My wife Niamh who would be primarily looking after me throughout the run got into our car at our home and we made the half hour journey into Connolly Station car park. Colin, who was my well briefed crewman looking after the logistics of the relay runners was joined at the house by Paul, one of the first relay runners and they would pick up John on their way before joining us in town.
The meeting point was 22:30 in the main concourse of Connolly Train Station. It was the last opportunity for some of us to use a toilet before heading out. Several of us met there before proceeding down to the Lifting Bridges at the Sea Lock where the Royal Canal meets the River Liffey at North Wall Quay.
It was very encouraging for me to see so many supporters here to see me off. Family and friends had gathered to wish me luck before we set off. We posed for photos, many of us wearing the event t-shirts which were printed up by Ash and his team in Run Logic.
The plan was to start bang on midnight when my Garmin FR235 hit 00:00. Given it was dark and we were in the city centre I had planned a long time ago that it would be wise to have a large contingent of runners with me to escort me out of Dublin City Centre and its environs and continue with me into Co. Kildare.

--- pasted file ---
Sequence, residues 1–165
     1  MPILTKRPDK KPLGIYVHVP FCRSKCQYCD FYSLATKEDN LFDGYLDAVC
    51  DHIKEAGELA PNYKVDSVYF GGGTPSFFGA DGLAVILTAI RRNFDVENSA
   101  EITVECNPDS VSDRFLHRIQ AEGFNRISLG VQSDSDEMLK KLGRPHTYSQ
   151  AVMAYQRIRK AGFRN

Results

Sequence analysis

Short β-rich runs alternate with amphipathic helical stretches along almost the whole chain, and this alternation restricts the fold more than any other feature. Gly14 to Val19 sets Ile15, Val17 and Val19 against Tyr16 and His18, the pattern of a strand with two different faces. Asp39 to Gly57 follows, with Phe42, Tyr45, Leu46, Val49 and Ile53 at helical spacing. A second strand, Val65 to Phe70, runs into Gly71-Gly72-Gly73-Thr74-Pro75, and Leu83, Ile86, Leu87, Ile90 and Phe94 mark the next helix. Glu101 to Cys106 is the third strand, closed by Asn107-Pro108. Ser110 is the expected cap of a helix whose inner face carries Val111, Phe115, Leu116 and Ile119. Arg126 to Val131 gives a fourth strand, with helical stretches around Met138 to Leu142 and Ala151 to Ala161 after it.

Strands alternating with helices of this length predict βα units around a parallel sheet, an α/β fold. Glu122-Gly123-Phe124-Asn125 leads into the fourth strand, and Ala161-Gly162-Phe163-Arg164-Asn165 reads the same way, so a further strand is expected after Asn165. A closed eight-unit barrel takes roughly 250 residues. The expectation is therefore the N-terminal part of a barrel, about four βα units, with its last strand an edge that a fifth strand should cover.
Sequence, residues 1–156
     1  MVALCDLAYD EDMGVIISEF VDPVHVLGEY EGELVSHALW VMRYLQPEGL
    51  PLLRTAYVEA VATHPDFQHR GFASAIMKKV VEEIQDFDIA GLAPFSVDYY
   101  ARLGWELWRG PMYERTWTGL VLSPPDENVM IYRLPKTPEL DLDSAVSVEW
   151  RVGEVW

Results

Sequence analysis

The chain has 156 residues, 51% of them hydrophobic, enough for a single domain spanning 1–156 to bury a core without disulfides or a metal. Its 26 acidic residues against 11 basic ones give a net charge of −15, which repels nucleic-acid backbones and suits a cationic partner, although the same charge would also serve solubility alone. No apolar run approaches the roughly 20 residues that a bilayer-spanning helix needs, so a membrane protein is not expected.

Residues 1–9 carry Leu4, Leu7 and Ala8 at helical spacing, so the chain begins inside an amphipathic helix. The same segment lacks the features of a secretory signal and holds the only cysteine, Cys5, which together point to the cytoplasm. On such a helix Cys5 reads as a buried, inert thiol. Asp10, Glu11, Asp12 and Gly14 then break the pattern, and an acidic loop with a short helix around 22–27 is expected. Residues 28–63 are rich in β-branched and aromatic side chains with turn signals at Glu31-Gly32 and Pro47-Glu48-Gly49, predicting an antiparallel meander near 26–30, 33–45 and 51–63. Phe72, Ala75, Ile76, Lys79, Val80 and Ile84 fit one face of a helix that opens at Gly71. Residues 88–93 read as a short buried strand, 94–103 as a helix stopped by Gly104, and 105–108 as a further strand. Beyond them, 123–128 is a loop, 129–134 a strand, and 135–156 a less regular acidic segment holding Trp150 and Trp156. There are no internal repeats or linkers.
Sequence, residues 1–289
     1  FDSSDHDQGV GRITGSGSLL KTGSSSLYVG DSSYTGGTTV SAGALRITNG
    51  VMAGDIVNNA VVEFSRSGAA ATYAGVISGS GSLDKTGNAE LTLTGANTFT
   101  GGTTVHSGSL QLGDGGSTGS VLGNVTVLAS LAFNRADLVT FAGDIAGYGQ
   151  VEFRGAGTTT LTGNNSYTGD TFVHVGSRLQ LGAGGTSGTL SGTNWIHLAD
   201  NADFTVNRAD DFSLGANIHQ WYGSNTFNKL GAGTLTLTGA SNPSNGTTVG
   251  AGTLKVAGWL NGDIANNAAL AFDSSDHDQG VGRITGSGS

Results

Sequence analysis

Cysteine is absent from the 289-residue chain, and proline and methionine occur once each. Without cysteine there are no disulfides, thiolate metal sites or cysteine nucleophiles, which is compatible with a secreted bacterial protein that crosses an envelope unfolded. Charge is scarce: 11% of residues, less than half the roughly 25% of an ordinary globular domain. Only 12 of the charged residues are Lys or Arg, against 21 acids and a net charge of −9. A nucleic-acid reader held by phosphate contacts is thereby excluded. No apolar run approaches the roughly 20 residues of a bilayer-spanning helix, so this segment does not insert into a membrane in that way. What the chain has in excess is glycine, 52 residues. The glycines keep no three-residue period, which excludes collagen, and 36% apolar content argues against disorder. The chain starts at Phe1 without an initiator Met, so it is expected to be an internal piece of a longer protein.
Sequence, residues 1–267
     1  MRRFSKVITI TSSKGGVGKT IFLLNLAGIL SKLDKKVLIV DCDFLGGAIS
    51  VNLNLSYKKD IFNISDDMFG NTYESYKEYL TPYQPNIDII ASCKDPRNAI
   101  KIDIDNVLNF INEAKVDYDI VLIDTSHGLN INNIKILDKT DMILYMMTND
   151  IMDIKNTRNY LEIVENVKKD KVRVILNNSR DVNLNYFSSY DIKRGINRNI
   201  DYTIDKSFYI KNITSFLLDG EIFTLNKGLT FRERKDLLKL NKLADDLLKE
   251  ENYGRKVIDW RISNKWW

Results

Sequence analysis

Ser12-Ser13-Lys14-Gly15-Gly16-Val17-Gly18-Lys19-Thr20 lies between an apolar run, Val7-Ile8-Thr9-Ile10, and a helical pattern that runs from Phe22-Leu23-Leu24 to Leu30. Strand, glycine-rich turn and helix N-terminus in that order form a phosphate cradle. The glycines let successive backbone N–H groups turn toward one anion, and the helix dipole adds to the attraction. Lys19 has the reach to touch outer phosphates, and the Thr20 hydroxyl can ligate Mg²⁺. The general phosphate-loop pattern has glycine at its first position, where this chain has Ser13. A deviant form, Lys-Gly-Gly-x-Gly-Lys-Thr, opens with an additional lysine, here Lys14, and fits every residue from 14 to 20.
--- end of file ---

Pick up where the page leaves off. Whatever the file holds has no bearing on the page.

With me at the start was my brother Ross, some friends from my college days, JC, Ros and Dave, my parkrun buddies Paul, Paddy and John. Equipped with head torches we headed off at the top of the hour and proceeded along the canal on Guild Street to Sherriff Street. While work was underway to continue the path along the canal from Sherriff Street to Newcomen Bridge we had to divert off the canal at this point, travelling up Seville Place to the Five Lamps before crossing the North Strand Road making our way up to the 1stLock and the end of the only true diversion we would have to take away from the banks of the canal on the run.